“I was sleeping upstairs and I heard heavy gunfire coming from our neighbor’s house,” Aljanabi said. “My older brother suddenly grabbed me and took me to the back of our house with the rest of our family. I remember how my body was shaking and I could not say a word. I remember the fear in my mother’s eyes while she was saying prayers. After about 20 minutes, no more gunshots were heard. We could only hear the crying from our neighbor’s house. Later, we found out that a militia had killed our neighbor and his oldest son.”
Some 12 years after that deadly encounter, Aljanabi, now 24, is thriving at Grossmont College and has been accepted to San Diego State University, where he will transfer this coming fall as a public health major.
Aljanabi credits Grossmont College for his success.
“I’ve had nothing but a great experience here,” he said. “I’ve had a wonderful relationship with every professor I’ve had. All of them have always been willing to help whenever I might need it. They think about their students first.”
Aljanabi’s achievements led the Foundation for Grossmont & Cuyamaca Community Colleges to award him at Lee Roper Memorial Scholarship, which is named after one of Grossmont College’s first instructors. Aljanabi was among the 132 students honored during a recent gala at Grossmont College for their academic accomplishments.
“Ahmad is self motivated and willing to go above and beyond to learn and to apply his learning to his everyday life,” said Hossna Sadat, a counselor at Grossmont College. “He is supportive to others and works well in teams. Ahmad is a stellar student and has truly embraced community college. He is an advocate for social justice and encourages refugee and immigrant communities to also thrive and succeed. For this reason, he also carries a strong appreciation for diversity and equity.”
Aljanabi’s journey to Grossmont College was set into motion after the 2003 U.S.-led invasion of Iraq.
“One day you’re living a normal life. My dad owned a factory. He had a good job,” Aljanabi said. “The next day, war breaks out and everything you had is gone.”
Aljanabi’s family ultimately fled to Syria, hiring a driver and making their way through countless checkpoints en route to Damascus. Surviving on savings, they lived in Syria for five years before being cleared to move to the United States.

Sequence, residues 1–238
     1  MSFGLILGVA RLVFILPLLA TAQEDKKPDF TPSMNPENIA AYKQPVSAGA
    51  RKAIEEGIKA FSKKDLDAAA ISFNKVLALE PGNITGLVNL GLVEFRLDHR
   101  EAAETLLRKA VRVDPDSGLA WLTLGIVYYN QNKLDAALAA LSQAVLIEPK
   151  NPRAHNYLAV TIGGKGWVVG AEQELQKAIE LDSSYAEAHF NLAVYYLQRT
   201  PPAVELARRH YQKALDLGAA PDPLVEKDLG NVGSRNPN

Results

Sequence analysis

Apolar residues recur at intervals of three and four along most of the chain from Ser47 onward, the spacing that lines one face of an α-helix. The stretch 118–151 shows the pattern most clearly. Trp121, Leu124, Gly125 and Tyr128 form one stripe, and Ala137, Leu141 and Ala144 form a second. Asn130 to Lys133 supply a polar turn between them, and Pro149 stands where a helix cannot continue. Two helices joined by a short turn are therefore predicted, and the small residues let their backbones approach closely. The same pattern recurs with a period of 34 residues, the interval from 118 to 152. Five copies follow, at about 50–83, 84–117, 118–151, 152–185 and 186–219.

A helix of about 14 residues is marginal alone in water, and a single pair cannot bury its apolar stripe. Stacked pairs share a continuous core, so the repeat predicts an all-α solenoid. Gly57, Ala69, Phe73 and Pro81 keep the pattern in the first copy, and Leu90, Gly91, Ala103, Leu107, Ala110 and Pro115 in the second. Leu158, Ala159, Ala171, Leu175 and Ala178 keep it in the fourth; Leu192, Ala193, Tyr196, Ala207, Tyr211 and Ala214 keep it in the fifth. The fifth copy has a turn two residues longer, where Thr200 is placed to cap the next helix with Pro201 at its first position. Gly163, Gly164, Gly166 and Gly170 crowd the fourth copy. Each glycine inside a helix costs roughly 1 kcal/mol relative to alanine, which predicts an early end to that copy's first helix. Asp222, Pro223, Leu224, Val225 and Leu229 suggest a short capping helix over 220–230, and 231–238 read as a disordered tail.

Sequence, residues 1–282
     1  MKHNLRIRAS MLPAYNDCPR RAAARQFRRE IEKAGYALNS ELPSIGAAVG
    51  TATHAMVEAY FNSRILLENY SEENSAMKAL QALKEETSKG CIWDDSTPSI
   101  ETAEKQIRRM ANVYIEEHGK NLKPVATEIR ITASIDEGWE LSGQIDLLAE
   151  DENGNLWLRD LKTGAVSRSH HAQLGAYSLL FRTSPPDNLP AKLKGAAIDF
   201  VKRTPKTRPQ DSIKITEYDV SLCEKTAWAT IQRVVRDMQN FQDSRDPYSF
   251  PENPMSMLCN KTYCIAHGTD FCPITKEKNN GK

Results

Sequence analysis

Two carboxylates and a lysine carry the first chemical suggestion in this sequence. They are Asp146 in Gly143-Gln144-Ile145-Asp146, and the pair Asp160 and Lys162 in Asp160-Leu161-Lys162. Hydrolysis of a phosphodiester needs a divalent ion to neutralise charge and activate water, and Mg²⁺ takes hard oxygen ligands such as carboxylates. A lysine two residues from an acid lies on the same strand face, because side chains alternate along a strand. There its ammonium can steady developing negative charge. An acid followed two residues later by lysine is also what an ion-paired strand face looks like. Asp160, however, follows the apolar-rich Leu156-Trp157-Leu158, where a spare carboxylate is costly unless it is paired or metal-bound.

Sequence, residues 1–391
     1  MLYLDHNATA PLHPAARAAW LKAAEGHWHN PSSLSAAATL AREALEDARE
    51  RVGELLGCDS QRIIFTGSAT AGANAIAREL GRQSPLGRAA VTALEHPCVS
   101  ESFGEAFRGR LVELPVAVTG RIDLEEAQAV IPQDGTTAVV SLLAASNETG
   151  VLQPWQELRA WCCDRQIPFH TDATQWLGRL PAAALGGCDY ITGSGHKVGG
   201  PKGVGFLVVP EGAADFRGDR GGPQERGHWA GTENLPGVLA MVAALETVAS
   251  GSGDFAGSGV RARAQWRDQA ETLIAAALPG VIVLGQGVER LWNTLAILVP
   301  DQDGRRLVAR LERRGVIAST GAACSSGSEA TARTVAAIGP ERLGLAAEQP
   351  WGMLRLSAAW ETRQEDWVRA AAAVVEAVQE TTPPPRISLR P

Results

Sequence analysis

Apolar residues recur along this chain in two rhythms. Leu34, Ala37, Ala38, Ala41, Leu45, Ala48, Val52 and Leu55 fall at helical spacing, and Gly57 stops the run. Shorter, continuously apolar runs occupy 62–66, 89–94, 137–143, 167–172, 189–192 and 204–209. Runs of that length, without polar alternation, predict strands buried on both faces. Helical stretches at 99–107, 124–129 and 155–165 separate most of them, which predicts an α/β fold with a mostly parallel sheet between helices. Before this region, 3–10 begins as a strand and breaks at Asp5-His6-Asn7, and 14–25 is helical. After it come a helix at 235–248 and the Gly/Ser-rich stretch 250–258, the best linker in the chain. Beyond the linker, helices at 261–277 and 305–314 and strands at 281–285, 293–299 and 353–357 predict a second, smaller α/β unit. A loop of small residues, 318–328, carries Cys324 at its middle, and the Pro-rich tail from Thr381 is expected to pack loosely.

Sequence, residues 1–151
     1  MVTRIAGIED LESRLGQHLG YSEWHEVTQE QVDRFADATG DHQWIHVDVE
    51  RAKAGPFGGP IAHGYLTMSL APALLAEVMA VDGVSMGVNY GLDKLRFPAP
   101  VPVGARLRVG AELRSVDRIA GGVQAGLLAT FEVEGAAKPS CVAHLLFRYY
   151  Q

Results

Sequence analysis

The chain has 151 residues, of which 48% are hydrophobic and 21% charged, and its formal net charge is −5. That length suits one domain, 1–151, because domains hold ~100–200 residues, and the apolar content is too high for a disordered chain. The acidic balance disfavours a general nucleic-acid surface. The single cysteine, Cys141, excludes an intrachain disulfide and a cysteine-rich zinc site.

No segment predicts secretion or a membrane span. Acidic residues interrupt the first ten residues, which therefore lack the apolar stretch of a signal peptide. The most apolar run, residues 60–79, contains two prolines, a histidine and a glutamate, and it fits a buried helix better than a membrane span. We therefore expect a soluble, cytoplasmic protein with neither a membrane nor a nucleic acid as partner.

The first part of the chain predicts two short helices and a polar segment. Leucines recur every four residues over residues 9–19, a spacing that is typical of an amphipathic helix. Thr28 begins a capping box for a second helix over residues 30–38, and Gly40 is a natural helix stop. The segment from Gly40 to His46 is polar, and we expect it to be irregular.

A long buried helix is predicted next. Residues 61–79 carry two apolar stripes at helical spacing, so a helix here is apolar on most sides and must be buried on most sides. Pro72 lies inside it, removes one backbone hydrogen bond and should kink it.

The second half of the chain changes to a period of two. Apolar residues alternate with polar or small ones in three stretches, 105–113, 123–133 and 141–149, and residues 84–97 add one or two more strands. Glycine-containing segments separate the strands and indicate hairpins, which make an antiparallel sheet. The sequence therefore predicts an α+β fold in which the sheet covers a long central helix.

The odyssey continued here, with the family first going to Georgia. “It was hard,” Aljanabi said. “I could not communicate with people. The only words I knew were ‘hi’ and ‘thank you.’ But I kept studying, reading books and listening to music to improve my language. I also bought a dictionary and kept it in my backpack to translate every single word I did not know.”
Before long, Aljanabi could more than hold his own conversing in English. But the family, looking for better employment opportunities, moved to Maine and then Michigan, before arthritis suffered by Aljanabi’s mom led the family to come to California.
Aljanabi graduates with two associate degrees from Grossmont College this spring. His goal is to earn a master’s degree in orthotics and prosthetics, then work as an orthopedic specialist caring for those with artificial limbs.
His epiphany came while hanging out at La Jolla Cove and watching a young boy with a prosthetic leg quickly recover after falling down. “I saw how this device had helped him get back on his feet, both literally and figuratively. I thought, that’s what I want to do. I want to help people get back on their feet.”
Said Sadat: “I have no doubt that Ahmad will make a tremendous impact in the world.”